According to a report released last Thursday by the U.S. Centers for Disease Control & Prevention, cavities in preschoolers appear to be declining and fewer young children have untreated dental decay – here in the United States.
Children’s tooth decay is still a major problem, both here in the States and around the world.
As quoted in this NY Times article, Dr. Bruce Dye, the lead author of the past two C.D.C. reports on oral health, said that “only 10 percent of preschooler kids have untreated tooth decay.”
This is considered to be the first drop in children’s dental decay for this age group since 2007, when a report from the CDC cited an alarming rise in decayed baby teeth.
Dr. Bruce Dye, the lead author of the past two CDC reports on oral health, said that “only 10 percent of preschooler kids have untreated tooth decay.
“This is the lowest percentage we have seen in the past 25 years,” he added.
Though the results cover just two years of data and may not be “statistically significant,” they suggest some promising broad-stroke trends, Dr. Dye said.
The 2007 report, which shocked dentists and led to policy changes, used five years of data. The numbers come from the National Health and Nutrition Examination Survey, a robust sample of national trends.
The following are key findings from the most recent CDC report:
– Approximately 23% of children ages 2 to 5 years had caries in primary teeth.
– Caries among children ages 6 to 8 was 56%.
– Untreated caries in primary teeth among children ages 2 to 8 years was twice as high for Hispanic and black children compared with white children.
– Among those ages 6 to 11, 27% of Hispanic youth had caries in permanent teeth, compared with nearly 18% of white and Asian youth.
– About 3 in 5 adolescents ages 12 to 19 had caries in permanent teeth, and 15% of these adolescents had untreated caries.
– For children ages 6 to 11, dental sealants were more prevalent for white children (44%) compared with black and Asian children (31% each).
What Does The ADA Say About This Drop In Untreated Kids Tooth Decay?
In reaction to the CDC report, the American Dental Association indicated that the latest statistics are just preliminary, and more needs to be proven before jumping to any broad-based conclusions.
However, one positive aspect that can be extrapolated from the most recent report is that it appears more kids are receiving treatment when dental disease (tooth decay, cavities) does occur.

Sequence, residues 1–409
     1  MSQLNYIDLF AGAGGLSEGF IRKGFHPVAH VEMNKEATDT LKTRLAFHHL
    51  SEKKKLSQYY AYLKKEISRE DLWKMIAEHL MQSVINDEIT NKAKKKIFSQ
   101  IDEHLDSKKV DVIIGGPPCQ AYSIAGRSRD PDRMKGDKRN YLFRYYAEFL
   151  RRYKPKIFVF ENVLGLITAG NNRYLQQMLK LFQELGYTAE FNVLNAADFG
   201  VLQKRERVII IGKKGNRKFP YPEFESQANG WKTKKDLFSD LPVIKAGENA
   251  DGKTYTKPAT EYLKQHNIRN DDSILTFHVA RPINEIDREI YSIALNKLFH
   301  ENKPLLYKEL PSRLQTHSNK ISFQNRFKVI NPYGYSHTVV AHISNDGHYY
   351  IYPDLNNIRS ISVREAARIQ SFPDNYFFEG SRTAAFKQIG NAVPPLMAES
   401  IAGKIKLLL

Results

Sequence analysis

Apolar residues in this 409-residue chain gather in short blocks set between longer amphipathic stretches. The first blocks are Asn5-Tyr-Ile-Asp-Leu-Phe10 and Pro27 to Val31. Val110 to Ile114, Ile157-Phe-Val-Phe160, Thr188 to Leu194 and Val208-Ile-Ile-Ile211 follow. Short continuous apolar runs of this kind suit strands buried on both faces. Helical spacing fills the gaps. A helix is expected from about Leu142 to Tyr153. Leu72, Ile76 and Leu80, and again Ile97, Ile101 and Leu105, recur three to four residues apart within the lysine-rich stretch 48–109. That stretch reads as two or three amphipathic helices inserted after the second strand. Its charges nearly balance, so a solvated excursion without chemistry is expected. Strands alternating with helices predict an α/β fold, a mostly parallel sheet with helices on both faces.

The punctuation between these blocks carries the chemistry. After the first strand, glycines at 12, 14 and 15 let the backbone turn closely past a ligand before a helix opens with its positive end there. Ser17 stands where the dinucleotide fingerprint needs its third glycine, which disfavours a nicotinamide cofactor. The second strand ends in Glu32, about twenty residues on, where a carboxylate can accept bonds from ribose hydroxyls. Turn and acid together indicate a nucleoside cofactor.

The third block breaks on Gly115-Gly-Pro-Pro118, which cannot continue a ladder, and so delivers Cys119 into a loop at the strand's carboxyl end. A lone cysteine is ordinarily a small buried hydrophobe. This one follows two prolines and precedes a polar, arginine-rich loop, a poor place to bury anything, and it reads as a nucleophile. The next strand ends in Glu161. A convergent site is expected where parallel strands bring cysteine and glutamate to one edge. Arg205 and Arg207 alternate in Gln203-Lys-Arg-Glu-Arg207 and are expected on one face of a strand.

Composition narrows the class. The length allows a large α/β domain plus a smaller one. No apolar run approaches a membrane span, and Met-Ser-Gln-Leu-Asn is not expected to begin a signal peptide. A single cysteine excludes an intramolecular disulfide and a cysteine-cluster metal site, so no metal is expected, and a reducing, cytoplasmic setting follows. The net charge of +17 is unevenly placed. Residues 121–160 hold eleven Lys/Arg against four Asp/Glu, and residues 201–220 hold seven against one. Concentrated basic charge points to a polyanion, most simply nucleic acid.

“[The data] reflects only the first two years of what will be a longer and more comprehensive survey, and we look forward to seeing a final report,” the ADA said in their press release.
“But even if the full study confirms a positive trend, the fact that dental decay still afflicts so many U.S. children is simply unacceptable.”
Did you know pediatric dental disease is 5 times more common than asthma and 7 times more common than hay fever?
Prevention is crucial to limiting the damage done to children’s health as a result of untreated dental disease.
It’s up to parents to work with their kids, teaching them what is required to brush their teeth well and to use dental floss every day.
According to the Academy of General Dentistry, more than 51 million school hours are lost each year due to dental-related illnesses.
Despite these numbers, many children still do not visit the dentist…and as a result, tooth decay remains untreated.
Brushing 2x for 2 minutes a day, flossing, seeing the dentist regularly comprise the formula of the recommended prescription for preventing children’s tooth decay – or allowing it to go untreated.
– brushing for 2mins, 2x per day
– using dental floss
– regular dental checkups
– dental sealants
– a diligent daily dental hygiene routine
Dental caries, the dental health name for tooth decay, has become more common among young children over the past 15 years or so.
In 1988, caries was found in roughly 1 in 4 preschool-aged children. But by 2004, that rate swelled to 28 percent.
The incidence rate is even more severe when including toddlers. The CDC found that 37 percent of children ages 2 to 8 had experienced dental caries in their primary teeth between 2011 and 2012.
In an age where we have mobile apps that time & track our brushing habits, enjoy exotic cupcake & bacon flavors of dental floss to name just two, and see lots of opportunities to get dental decay in children treated at a low-cost or even free, it is plainly irresponsible for any parent to let these numbers creep back up into the epidemic ballpark.
Children’s tooth decay is 100% preventable!